Third, decisions from other jurisdictions support our conclusion. Most states that have considered this issue have recognized the right of an attorney to recover for services that were rendered prior to withdrawal, so long as the attorney's withdrawal from the case is for a “justifiable” reason or “good cause.” George Blum, Annotation, Circumstances Under which Attorney Retains Right to Compensation Notwithstanding Voluntary Withdrawal from Case, 53 A.L.R.5th 287, 303–04 (1997); see Faro v. Romani, 641 So.2d 69, 71 (Fla.1994); Lofton v. Fairmont Specialty Ins. Managers, Inc., 367 S.W.3d 593, 597 (Ky.2012); Bell & Marra, pllc v. Sullivan, 300 Mont. 530, 6 P.3d 965, 970 (2000); Int'l Materials Corp. v. Sun Corp., Inc., 824 S.W.2d 890, 894 (Mo.1992); Royden v. Ardoin, 160 Tex. 338, 331 S.W.2d 206, 209 (1960). These courts have reasoned that a good-cause requirement aligns with the underlying purpose of contingent-fee agreements and protects the valuable function such arrangements play in the modern legal system. See Lofton, 367 S.W.3d at 593; Bell & Marra, pllc, 6 P.3d at 970.
West Virginia is the only state that allows an attorney who voluntarily withdraws without good cause to recover in quantum meruit. See May v. Seibert, 164 W.Va. 673, 264 S.E.2d 643, 647–48 (1980) (allowing quantum meruit recovery if the client was not prejudiced by the withdrawal).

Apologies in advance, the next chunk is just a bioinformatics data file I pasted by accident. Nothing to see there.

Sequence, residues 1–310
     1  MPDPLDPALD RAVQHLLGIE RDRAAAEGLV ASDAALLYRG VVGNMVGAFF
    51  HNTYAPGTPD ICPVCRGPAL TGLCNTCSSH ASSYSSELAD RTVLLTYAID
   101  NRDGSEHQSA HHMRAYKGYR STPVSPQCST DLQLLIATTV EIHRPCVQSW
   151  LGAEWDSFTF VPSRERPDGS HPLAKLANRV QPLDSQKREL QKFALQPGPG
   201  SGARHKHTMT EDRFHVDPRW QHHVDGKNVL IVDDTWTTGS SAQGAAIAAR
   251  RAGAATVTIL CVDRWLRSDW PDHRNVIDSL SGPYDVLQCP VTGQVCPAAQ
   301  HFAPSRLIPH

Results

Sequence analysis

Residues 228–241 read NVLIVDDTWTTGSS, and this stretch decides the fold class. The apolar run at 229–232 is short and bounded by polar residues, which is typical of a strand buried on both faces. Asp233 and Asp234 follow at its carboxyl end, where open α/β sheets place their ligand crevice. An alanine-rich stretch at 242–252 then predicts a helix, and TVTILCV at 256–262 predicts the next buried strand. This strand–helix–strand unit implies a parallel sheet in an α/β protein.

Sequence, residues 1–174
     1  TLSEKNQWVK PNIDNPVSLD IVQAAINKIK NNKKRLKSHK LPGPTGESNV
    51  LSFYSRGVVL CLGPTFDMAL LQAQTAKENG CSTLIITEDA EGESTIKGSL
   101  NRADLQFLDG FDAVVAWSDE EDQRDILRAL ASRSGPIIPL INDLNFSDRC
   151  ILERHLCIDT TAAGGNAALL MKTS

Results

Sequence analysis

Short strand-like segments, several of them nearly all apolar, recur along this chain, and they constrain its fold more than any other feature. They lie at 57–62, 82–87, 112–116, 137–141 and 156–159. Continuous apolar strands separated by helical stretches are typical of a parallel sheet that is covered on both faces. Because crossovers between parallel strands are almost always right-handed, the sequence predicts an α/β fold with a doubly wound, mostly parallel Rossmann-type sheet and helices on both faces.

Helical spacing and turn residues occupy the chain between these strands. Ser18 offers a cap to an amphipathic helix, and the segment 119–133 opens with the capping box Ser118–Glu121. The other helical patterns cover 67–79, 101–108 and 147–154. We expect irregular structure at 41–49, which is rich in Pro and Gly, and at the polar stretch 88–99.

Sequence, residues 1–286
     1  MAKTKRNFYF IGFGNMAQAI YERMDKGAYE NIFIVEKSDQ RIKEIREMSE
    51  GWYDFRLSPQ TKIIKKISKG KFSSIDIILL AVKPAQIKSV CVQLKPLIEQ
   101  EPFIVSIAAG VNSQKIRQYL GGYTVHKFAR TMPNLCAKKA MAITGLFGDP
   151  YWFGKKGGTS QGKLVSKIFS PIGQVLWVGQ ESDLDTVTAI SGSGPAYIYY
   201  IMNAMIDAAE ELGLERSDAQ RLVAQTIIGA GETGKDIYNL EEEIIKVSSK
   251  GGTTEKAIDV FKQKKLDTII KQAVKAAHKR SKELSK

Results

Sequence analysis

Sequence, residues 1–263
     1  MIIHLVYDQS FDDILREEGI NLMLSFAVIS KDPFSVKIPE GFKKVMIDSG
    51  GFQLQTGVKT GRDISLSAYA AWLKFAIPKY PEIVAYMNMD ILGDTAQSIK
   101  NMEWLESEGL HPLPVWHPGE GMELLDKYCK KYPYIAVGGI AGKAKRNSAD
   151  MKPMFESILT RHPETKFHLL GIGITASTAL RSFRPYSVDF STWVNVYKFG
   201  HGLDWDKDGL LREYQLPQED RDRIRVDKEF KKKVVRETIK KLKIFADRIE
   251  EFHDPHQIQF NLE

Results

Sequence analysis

Good cause in this context is not easily defined, but is narrow in scope, and depends on the facts and circumstances of each case. See Bell & Marra, pllc, 6 P.3d at 970 (explaining that good-cause withdrawal that would allow a contingency-fee attorney to recover the reasonable value of services rendered under quantum meruit generally exists when the client has engaged in culpable conduct or the continued representation would violate the ethical duties of the lawyer). Generally, good cause requires that the attorney establish the client has engaged in culpable conduct and the attorney has not, and that the attorney's continued representation of the client would violate the attorney's ethical obligations. Thus, good cause may include the reasons for mandatory withdrawal in the rules of professional responsibility. SeeMinn. R. Prof. Conduct 1.16(a) (stating that a lawyer shall withdraw from representation when the representation will result in a violation of the rules of professional conduct or other law, or the lawyer's physical or mental condition materially impairs his or her ability to represent the client). Additionally, good cause may include some of the reasons for permissible withdrawal in the rules of professional conduct. See, e.g.,Minn. R. Prof. Conduct 1.16(b)(2)–(3).